Obama and Putin Meet Briefly at APEC Summit

Obama: 'Talked Briefly' With Putin at APEC
  • Two leaders chatted for four minutes in ‘informal’ discussion
  • U.S.-Russia relations may be reset by Trump administration

President Barack Obama said he didn’t discuss alleged Russian meddling in the U.S. election in a four-minute meeting with Vladimir Putin in Lima, an encounter that’s likely the last between two leaders divided by Ukraine, Syria, human rights and cyber warfare.

“As usual, it was a candid and courteous meeting but it was very clear about the strong differences we had on policy,” Obama said in a news conference after a summit of Asia-Pacific leaders in Peru. “The issue of the elections did not come up because that’s behind us and I was focused in this brief discussion on moving forward.”

The brief encounter with the Russian president, conducted with the help of a translator, came as Asia-Pacific leaders gathered for a Sunday morning session. There are no plans for a second meeting, said Putin spokesman Dmitry Peskov.

Obama, who leaves office in two months, could be seen uttering the word, “OK,” and Putin was observed reacting with facial expressions, as journalists were permitted into the Asia-Pacific Economic Cooperation leaders’ summit for a few minutes to take photographs. Obama also made his way around the room to greet other leaders.

Obama said he conveyed U.S. concerns about the bombing of civilians in Aleppo by the Syrian government and Russian forces, and he urged Putin to implement a ceasefire in eastern Ukraine, where the Russian military is involved in the country’s civil war -- “to see if we can get that done before my term is up,” Obama said.

‘Very Brief’

It was the first meeting between the two leaders since Donald Trump’s win in the Nov. 8 presidential election. During the campaign, Democrats accused Russia of interfering in a way that helped Trump, the Republican nominee. U.S. intelligence officials have tied the Russian government to the hacking and subsequent leaking of Democrats’ e-mails that harmed Hillary Clinton’s campaign.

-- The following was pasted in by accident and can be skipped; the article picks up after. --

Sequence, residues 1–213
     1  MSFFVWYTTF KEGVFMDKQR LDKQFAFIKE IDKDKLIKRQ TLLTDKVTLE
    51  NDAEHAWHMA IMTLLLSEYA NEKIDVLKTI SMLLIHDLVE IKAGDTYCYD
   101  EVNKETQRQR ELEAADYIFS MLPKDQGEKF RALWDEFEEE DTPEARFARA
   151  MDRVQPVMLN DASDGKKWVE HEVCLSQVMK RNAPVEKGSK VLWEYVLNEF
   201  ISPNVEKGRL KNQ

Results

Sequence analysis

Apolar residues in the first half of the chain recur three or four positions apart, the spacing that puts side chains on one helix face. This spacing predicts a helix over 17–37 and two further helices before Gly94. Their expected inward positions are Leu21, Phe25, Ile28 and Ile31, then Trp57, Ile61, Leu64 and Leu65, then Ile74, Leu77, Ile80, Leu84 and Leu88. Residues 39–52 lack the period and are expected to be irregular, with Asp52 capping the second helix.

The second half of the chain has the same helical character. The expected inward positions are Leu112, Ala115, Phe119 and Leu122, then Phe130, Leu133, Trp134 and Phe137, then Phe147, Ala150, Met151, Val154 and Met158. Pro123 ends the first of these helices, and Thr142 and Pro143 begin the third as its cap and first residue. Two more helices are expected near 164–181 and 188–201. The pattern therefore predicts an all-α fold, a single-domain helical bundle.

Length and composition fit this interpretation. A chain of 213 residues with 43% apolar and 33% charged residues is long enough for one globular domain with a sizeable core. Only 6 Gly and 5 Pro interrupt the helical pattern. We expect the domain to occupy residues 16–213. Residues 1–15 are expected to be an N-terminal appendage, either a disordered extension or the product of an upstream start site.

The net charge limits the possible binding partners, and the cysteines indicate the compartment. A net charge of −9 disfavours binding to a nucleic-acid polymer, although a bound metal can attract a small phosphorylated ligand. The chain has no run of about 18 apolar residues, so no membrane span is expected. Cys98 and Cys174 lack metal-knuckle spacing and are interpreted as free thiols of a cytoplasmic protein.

The recent U.S. elections, Trump’s victory and hacking weren’t discussed during the “very brief” meeting, Peskov said via text message.

A summary of the “brief and informal” discussion, provided by the White House, said Obama restated U.S. and allies’ commitment to Ukraine’s sovereignty, urged Putin to uphold Russia’s commitments under the Minsk agreements, and said U.S. Secretary of State John Kerry and Russian Foreign Minister Sergei Lavrov must keep working with the international community to reduce violence and alleviate Syrians’ suffering.

Read more: The Trump-Putin bond that may or may not be real

A bombing campaign by Syria’s government has intensified in recent days. The U.S. has criticized Russia for backing the Syrian regime in a civil war that has killed more than 300,000 people.

Obama has called on Trump to “stand up’’ to Putin when Russia pursues policies that are at odds with American interests. Trump displayed an affinity for Russia and Putin during his campaign, and the Russian leader has said Trump’s election is an opportunity to restore the relationship between the two world powers.

Obama has opposed Putin over Russia’s annexation of Crimea, its backing of the Syrian government and the cyber attacks that weighed on the U.S. electoral process. During a press conference in Berlin on Nov. 17, Obama said Trump should continue to support U.S. policy in these areas.

“My hope is that the president-elect coming in takes a similarly constructive approach, finding areas where we can cooperate with Russia where our values and interests align, but that the president-elect also is willing to stand up to Russia where they are deviating from our values and international norms,’’ he said.

Putin’s foreign policy aide, Yuri Ushakov, blasted the Obama administration as recently as Nov. 17. “The departing team has recently been doing everything it can to push our relations into a such dead-end that will be quite difficult for the new team, if it wants, to pull them out of it,” Ushakov said.

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